Marc Turner is the author of the epic fantasy series The Chronicles of the Exile. His latest book, Dragon Hunters, features Chameleon priests, dimension-hopping assassins, and sea dragons being hunted for sport. It is available now in the US from Tor Books and in the UK from Titan. You can find him at his website and on Twitter (@MarcJTurner).
by Marc Turner
A while back I caught up with a school friend of mine whom I hadn’t spoken to for years. A lot had happened in his life – job, marriage, kids. Yet he was exactly the same person I remembered, and we picked things up right where we’d left off. In the ways that mattered, he hadn’t changed at all. It got me thinking. Can you get away with writing a story in which the protagonist stays the same person throughout? Would you want to?
When I read fantasy as a teen, the storyline of pretty much every protagonist followed the so-called “hero’s journey”. The character began the book as the most unlikely of saviours, without any obvious skills. But throw in a prophecy, a quest and an enigmatic mentor, and before you could say “Chosen One” they’d have developed into the most powerful warrior/mage/assassin alive (*delete as applicable). Along the way they’d have also tapped into some inner strength they didn’t know they had, and risen to become the ruler of the world. The protagonist on the last page bore no resemblance to the one on the first. That’s not so much a character arc as a character u-bend.
Why do characters need to change at all, though?
I’ve heard it said that the three greatest rules of dramatic writing are conflict, conflict, and conflict. Your protagonist wants something, and there’s an antagonist who wants the opposite. Frodo wants to destroy the One Ring; Sauron wants to stop him. Daenerys wants to rule the Seven Kingdoms; so do Stannis and Renly and Cersei. Along with just about everyone else, for that matter. The drama evolves from the clash of desires. But in the books I enjoy most, the conflict isn’t just going on outside the character. There is also an element of internal conflict. In other words, the protagonist is struggling against himself.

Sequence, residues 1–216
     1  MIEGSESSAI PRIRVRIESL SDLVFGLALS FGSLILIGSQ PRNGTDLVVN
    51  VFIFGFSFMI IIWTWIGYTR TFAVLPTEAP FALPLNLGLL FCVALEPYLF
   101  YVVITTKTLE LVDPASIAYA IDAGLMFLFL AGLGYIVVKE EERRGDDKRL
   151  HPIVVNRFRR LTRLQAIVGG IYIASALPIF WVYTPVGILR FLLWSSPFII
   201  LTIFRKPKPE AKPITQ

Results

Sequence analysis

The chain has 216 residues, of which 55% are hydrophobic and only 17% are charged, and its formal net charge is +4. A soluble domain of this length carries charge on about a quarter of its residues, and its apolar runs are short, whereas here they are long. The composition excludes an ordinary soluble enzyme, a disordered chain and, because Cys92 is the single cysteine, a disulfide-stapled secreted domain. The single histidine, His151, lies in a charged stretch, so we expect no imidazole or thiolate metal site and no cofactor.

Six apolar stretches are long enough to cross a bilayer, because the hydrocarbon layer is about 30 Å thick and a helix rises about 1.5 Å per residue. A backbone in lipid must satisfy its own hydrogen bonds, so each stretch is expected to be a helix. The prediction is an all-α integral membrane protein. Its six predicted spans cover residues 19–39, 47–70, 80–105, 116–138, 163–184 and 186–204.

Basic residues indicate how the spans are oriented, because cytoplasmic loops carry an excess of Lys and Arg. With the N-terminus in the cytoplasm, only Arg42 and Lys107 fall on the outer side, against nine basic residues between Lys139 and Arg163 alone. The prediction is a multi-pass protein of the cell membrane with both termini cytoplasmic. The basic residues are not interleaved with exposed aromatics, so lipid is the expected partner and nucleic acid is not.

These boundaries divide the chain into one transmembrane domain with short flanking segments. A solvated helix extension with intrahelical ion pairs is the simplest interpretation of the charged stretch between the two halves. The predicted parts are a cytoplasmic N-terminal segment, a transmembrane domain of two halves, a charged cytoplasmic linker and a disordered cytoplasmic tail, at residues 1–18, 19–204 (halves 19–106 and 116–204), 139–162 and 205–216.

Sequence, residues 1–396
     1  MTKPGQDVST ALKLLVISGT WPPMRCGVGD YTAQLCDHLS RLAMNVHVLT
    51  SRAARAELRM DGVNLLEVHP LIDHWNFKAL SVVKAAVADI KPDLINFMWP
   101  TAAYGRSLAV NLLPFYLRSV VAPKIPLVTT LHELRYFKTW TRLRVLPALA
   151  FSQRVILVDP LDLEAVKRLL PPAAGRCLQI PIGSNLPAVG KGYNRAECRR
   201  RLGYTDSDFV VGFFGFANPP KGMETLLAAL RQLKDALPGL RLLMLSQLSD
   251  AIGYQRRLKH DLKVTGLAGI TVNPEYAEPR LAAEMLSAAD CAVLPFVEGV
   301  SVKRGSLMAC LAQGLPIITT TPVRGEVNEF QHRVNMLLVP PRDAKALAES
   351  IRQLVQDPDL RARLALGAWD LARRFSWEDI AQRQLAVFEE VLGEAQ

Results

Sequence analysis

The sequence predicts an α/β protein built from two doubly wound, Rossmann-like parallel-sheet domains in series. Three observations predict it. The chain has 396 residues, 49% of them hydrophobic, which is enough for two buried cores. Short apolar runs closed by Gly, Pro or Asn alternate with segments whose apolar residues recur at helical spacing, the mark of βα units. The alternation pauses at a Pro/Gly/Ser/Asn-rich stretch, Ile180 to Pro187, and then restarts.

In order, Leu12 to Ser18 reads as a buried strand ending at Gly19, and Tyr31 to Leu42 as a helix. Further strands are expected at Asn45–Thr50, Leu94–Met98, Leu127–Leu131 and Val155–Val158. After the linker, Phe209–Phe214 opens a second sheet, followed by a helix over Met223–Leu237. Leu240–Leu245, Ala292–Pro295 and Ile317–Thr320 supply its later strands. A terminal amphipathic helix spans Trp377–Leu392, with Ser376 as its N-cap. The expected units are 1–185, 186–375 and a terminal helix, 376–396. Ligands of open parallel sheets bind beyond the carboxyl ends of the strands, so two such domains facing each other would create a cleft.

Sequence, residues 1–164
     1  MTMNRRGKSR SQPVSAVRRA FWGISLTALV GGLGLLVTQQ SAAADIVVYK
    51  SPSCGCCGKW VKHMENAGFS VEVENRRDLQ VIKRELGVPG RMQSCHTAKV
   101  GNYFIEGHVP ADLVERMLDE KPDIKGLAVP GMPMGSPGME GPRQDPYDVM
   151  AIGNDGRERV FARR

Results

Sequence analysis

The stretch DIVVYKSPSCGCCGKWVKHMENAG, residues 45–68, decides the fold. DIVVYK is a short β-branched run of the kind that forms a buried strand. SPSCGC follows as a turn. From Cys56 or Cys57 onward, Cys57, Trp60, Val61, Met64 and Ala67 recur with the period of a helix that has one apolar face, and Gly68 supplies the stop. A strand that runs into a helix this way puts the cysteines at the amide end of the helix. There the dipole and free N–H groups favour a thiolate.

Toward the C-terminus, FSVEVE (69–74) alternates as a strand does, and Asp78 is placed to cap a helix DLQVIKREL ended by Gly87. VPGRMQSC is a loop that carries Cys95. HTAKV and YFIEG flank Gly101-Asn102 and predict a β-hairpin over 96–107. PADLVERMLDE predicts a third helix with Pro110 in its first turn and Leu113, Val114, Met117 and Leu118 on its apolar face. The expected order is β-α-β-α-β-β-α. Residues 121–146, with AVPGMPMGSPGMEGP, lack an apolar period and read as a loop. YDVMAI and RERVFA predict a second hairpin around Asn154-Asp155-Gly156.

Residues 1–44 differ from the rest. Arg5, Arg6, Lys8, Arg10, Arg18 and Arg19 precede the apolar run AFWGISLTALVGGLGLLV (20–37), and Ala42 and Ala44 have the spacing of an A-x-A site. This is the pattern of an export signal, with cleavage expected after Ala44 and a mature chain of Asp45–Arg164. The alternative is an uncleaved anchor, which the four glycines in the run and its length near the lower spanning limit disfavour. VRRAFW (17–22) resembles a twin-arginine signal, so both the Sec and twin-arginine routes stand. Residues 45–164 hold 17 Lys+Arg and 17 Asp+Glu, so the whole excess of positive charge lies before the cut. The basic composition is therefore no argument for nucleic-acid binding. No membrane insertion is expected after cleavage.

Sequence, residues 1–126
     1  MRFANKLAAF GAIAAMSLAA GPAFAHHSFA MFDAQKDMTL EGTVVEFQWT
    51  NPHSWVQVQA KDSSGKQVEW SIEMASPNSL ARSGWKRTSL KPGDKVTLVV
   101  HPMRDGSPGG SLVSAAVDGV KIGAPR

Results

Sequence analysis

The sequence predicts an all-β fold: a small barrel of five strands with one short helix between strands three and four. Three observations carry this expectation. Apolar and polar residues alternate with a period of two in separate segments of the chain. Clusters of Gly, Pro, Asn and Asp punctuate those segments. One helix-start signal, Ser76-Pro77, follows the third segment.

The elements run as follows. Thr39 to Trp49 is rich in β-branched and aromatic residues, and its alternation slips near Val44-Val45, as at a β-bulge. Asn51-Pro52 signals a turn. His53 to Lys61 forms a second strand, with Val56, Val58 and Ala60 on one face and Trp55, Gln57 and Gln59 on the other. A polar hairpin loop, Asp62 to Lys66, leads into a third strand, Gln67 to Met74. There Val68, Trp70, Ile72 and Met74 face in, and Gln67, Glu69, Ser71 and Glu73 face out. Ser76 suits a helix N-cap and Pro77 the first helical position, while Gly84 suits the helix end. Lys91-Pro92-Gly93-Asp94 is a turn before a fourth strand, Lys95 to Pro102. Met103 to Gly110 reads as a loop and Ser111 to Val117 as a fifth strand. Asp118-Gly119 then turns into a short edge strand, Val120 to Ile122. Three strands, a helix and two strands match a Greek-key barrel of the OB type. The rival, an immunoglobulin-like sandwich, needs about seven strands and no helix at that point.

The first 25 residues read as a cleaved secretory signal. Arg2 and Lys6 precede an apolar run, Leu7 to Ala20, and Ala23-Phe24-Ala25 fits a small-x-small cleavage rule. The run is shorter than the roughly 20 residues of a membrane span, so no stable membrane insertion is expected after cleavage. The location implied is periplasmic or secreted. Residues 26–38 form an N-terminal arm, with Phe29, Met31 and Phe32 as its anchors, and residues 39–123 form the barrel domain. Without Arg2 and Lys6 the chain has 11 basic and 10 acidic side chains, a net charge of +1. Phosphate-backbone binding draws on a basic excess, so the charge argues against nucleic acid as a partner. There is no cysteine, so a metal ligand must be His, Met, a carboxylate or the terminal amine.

So, in Joe Abercrombie’s Red Country, the character Temple begins the book as a self-professed coward. Can he overcome his natural instinct for self-preservation in order to win over Shy South? In The Lord of the Rings, Frodo is enthralled by the One Ring. Will he be able to give it up when he reaches Mount Doom? By including internal conflict, straight away we double the suspense. Now readers will wonder not just how the story ends, but also how a character will resolve their internal dilemma. And what will the cost of their decision be? Because when characters make choices, there should always be consequences – be they good or bad.
My debut, When the Heavens Fall, tells the story of a mage who steals an artefact, the Book of Lost Souls, that gives him power over the dead. He uses it to resurrect an ancient civilization in order to challenge Shroud, the Lord of the Dead, for control of the underworld. One of my viewpoint characters, Romany, starts the book on the same side – sort of – as the mage. Her goddess has tasked her with destroying as many of Shroud’s followers as possible, and to do so she must make use of the people of the undead nation, the Vamilians, that has been resurrected. This isn’t a problem for Romany at the start of the book – she sees the undead not as individuals, but as tools to be used and discarded. Much the same as she sees everyone else, in fact.
But then she meets one of the undead – a girl called Danel – and she gets to know her. She unravels some of the mystery behind how Danel and her kinsmen died centuries ago. She learns about Danel’s family, and what has become of them. And that knowledge begins to change her. Before the end of the book, Romany will face a choice: turn her back on the undead and return to her life of comfort and privilege, or risk everything to aid Danel’s people – a people she has helped to condemn to misery and enslavement. How will she choose, and what will the consequences of her decision be?